Automobility, materiality and Don DeLillo's Cosmopolis

Ian Davidson

Research output: Contribution to journalArticlepeer-review

15 Citations (Scopus)


In this paper I argue that an examination of changing patterns of mobility and automobility in contemporary literature can demonstrate ways that literary forms both reflect and produce cultural and social change. Focusing more specifically on automobility in Don DeLillo's 21st century novel Cosmopolis, I take into account the car as it functions symbolically in the discursive realm with its promises of freedom and liberation, and its part in discourses of power, wealth and the ecological. I also acknowledge the impact of its presence as a material object that operates within global systems of production and consumption and integrated systems of roads. I conclude that the car in DeLillo's novel not only contains ideas of automobility from the past, but also points the way forward to one future where the relative immobility of the congested automobile is countered by the mobility of the networking functions it contains.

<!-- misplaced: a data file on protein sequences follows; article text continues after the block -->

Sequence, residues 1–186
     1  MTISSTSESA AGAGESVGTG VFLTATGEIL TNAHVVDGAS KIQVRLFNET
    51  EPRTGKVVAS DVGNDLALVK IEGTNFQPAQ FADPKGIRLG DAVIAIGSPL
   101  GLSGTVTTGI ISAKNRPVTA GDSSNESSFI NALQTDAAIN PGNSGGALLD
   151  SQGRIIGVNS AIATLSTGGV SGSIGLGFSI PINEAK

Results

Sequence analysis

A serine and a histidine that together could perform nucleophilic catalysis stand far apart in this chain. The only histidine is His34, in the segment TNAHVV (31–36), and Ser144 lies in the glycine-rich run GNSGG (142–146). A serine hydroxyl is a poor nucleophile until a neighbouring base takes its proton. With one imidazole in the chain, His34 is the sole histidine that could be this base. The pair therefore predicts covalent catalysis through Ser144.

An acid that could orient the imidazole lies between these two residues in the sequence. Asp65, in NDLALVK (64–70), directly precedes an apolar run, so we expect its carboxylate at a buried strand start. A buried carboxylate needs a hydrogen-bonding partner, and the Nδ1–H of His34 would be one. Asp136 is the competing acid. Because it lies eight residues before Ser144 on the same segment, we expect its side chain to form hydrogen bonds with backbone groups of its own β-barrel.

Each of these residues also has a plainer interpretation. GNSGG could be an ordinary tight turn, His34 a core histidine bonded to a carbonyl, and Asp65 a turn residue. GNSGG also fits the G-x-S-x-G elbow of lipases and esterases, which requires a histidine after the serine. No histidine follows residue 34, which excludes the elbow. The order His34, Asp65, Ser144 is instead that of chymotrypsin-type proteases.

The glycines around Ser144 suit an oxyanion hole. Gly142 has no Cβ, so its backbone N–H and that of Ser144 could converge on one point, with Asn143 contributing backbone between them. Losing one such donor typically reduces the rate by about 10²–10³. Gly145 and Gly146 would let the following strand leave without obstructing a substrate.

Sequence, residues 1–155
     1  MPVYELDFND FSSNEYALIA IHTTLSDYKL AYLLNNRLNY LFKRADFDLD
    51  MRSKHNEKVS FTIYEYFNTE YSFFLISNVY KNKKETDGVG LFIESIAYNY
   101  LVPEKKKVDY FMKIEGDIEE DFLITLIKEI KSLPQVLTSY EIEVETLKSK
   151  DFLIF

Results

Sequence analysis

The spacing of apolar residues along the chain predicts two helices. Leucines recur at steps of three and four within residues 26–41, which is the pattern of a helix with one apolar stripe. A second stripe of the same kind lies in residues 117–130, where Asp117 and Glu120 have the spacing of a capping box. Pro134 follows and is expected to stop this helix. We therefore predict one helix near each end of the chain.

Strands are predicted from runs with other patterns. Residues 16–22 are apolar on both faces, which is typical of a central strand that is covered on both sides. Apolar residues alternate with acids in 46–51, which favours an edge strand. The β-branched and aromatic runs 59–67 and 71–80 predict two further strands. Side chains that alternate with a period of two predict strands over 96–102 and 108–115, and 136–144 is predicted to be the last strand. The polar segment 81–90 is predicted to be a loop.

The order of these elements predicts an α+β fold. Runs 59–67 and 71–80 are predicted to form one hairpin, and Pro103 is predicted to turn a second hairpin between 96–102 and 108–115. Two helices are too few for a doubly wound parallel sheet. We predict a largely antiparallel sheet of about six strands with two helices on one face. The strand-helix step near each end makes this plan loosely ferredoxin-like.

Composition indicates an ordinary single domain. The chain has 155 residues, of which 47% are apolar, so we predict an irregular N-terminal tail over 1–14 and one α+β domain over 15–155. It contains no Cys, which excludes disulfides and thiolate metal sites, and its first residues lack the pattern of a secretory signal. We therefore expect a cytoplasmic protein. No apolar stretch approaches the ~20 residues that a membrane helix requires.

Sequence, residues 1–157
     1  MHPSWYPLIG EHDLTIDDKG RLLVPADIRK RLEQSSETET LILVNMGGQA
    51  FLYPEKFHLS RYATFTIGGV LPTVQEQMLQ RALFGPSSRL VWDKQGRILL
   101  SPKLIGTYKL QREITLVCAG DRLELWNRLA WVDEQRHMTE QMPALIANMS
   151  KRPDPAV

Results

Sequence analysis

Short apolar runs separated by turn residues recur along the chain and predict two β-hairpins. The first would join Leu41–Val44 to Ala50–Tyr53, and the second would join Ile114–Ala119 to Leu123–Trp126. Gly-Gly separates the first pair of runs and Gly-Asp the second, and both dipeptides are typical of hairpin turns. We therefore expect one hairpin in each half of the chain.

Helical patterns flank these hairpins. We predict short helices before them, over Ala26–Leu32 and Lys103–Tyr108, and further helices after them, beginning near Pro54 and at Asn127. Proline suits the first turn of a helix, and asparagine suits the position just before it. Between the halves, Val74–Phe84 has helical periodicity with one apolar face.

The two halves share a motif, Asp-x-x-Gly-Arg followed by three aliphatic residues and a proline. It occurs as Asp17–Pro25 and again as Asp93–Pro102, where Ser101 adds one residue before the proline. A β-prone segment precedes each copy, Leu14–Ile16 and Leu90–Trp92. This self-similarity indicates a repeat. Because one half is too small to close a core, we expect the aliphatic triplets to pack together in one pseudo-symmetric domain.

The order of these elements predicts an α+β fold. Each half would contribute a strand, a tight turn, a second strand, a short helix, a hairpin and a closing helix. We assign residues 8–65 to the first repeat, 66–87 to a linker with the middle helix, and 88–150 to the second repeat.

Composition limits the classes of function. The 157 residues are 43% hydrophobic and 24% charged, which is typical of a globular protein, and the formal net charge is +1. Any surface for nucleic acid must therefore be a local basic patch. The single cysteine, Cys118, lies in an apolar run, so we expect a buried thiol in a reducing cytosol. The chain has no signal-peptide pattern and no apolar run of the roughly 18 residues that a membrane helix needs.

Original languageEnglish
Pages (from-to)469-482
JournalCultural Geographies
Issue number4
Publication statusPublished - 21 Jun 2012


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